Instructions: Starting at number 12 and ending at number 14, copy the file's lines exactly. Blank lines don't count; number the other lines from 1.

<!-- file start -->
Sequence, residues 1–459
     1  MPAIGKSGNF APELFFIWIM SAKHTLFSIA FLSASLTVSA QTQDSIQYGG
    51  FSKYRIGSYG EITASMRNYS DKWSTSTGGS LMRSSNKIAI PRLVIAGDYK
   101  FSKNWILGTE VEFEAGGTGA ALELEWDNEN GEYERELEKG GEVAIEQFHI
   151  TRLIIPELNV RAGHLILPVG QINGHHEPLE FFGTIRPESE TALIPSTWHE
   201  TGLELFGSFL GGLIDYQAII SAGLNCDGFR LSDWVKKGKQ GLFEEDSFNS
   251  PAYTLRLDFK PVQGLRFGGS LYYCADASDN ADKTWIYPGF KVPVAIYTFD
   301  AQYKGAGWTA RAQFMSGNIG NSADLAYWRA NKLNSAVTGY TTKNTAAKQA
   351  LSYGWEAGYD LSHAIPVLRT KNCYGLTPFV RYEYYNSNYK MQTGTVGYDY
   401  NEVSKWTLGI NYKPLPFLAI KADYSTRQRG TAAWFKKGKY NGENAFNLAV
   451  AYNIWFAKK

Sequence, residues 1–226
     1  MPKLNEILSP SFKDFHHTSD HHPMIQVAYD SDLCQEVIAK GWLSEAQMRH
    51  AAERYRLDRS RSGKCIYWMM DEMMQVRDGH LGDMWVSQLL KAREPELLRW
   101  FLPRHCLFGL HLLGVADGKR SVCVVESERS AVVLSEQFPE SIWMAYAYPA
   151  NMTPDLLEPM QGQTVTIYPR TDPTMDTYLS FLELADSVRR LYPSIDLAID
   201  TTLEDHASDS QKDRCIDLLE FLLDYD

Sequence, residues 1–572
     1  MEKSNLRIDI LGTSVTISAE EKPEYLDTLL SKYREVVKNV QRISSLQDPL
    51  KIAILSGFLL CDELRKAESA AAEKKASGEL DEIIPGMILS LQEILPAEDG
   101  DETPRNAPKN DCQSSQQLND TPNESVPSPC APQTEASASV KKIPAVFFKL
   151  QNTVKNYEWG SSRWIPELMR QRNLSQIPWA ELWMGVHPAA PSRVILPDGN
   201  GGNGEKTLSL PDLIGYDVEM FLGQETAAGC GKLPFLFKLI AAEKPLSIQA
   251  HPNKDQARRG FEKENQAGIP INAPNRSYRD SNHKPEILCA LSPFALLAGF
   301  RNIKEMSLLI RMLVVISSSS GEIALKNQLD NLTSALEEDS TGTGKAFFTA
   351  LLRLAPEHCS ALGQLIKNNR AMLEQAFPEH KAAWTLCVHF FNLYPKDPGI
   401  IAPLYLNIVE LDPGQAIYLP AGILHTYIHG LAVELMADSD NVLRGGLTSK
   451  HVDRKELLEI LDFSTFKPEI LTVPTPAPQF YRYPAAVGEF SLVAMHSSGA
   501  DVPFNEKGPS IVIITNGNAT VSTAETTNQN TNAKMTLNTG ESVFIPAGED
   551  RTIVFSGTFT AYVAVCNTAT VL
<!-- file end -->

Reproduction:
Sequence, residues 1–226
     1  MPKLNEILSP SFKDFHHTSD HHPMIQVAYD SDLCQEVIAK GWLSEAQMRH
    51  AAERYRLDRS RSGKCIYWMM DEMMQVRDGH LGDMWVSQLL KAREPELLRW